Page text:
By Wynfred Russell
The National Defense Authorization Act (NDAA) that is moving through the U.S. Congress and includes a provision that would grant Deferred Enforced Departure (DED) and [Ebola] Temporary Protected Status (TPS) holders permanent resident status with a path to citizenship is the best Christmas gift some Liberian immigrants could have asked for.
The provision, which is modeled on Rhode Island Senator Jack Reed’s Liberian Refugee and Immigrant Fairness Act is a major victory for more than 4,000 Liberians in Minnesota and across the United States. Permanent resident status, or Green Card, will afford these Liberians, their families, and their communities the certainty, stability, and security that their temporary status has not provided.
However, while this is a very hopeful development, it is not a “done deal” until the bill passes the Senate and is signed by President Donald Trump. The bill is a “big deal” for congressional Republicans; I am confident it will pass, but President Trump can be erratic at times and the amendment could still run into major opposition headwind, so it is important to tread cautiously and continue to advocate strategically.
DED began as a TPS program and has given some Liberian immigrants who fled the civil wars the chance to live and work legally in America since 1991. It has always been a temporary program that has been renewed under different administrations, but the NDAA bill will put it on firmer grounds.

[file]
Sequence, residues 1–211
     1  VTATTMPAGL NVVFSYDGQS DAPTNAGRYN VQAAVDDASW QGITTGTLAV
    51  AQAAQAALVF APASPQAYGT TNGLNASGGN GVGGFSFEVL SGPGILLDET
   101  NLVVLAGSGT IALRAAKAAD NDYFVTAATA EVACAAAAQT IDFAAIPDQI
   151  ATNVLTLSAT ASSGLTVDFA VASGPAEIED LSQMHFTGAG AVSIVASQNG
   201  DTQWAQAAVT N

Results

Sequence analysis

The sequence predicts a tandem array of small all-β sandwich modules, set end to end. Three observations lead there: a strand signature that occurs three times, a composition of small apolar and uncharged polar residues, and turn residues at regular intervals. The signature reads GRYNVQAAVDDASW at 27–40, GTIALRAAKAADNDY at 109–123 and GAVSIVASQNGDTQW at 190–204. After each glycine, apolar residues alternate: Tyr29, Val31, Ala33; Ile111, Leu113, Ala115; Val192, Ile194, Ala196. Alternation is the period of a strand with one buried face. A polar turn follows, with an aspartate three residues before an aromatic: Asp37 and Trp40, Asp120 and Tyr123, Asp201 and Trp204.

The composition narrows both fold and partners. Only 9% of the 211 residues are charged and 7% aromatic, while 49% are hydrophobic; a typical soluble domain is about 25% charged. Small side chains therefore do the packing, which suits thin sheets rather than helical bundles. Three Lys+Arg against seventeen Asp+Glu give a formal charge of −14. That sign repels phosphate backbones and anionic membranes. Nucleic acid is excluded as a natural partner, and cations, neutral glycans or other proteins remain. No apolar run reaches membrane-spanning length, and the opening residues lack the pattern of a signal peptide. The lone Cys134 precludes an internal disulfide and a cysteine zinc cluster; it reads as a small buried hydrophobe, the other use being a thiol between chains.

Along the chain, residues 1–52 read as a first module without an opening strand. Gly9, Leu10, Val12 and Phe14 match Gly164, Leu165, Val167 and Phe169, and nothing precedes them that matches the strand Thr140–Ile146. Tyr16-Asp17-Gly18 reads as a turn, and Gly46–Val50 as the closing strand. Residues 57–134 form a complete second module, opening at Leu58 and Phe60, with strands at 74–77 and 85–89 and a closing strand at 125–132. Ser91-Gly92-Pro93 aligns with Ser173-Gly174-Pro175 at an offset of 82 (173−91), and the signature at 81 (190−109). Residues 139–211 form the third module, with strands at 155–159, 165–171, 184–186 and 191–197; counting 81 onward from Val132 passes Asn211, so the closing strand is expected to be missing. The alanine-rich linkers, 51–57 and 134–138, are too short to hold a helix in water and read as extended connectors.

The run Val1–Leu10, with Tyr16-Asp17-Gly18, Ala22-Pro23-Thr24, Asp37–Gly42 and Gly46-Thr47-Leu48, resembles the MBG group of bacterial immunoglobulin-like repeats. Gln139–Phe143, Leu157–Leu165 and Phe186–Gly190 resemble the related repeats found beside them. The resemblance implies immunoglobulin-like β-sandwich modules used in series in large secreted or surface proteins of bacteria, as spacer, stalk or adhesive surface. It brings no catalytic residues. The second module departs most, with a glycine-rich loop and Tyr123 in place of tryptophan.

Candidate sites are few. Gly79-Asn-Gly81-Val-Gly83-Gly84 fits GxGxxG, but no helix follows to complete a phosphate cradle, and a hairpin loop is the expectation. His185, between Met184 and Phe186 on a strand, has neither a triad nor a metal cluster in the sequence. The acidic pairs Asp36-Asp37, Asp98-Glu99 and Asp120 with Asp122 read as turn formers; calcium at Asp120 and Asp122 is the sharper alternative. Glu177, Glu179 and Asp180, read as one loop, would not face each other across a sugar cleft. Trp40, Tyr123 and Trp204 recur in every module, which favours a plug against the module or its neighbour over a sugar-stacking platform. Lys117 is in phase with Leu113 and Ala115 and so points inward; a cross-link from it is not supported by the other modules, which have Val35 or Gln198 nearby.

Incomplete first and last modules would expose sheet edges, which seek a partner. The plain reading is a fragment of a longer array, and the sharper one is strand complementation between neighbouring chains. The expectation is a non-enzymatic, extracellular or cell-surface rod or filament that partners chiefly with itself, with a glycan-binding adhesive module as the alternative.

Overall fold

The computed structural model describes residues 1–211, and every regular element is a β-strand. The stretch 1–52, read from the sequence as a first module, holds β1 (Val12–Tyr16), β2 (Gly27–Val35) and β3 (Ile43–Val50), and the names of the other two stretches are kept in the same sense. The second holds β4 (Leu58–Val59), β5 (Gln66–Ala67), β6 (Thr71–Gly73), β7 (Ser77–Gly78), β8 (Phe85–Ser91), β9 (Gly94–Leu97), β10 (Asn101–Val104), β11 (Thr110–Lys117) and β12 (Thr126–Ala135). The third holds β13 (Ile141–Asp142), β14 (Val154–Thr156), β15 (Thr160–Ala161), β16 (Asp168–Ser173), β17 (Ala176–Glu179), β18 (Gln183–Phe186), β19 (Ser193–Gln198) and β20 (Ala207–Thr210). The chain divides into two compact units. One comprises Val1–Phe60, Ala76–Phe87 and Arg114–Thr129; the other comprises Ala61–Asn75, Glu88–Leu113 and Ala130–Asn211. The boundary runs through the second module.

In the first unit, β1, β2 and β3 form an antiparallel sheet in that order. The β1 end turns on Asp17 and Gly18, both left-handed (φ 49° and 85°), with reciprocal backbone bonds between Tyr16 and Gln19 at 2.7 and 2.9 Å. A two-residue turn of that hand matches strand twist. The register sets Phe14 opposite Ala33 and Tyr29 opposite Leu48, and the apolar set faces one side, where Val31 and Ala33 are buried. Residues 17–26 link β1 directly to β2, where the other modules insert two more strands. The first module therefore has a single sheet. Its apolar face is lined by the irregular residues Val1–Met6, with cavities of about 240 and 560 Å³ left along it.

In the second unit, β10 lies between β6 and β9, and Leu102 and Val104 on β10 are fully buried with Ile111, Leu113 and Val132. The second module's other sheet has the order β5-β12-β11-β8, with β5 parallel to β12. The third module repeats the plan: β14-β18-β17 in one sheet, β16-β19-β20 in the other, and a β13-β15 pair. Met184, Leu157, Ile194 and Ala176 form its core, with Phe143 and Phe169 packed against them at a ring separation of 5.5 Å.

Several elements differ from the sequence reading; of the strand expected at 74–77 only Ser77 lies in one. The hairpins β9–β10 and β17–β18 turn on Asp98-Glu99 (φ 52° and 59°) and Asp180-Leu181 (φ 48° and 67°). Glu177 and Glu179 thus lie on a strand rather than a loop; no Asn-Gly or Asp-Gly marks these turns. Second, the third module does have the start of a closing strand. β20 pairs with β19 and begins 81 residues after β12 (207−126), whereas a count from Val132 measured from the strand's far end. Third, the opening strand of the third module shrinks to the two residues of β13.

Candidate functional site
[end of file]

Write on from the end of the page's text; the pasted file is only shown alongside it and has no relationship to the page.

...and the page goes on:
According to the draft bill, DED holders will be eligible to apply for Green Cards if they have been living in the U.S. continuously since Nov. 20, 2014, and not been absent for more than a total of 180 days. They would need to apply within one year of the bill becoming law. The rules that would apply under the Immigration and Nationality Act would also apply under this provision, such as criminal history and crimes of “moral turpitude.”
Applicants must also have not participated in a violent crime or ordered such crime be committed against others.
This means that former warlords or those who perpetuated violence during Liberia’s civil wars between 1989 and 2003 would not be eligible. The legislation would require the secretary of Homeland Security to create the process to regularize the Liberians’ status.
The bill, a massive $738 billion defense appropriation, was approved 377- 48 by the U.S. House of Representatives Thursday, December 12 and is scheduled to be voted on Monday, December 16 by the full U.S. Senate. If it passes, the bill will be sent to the president, who has tweeted that he would sign it, for his signature before it becomes law.
In March, with only a few days before a deportation deadline for Liberians with DED, Trump gave them a one-year extension to remain in the U.S. the country until March 31, 2020.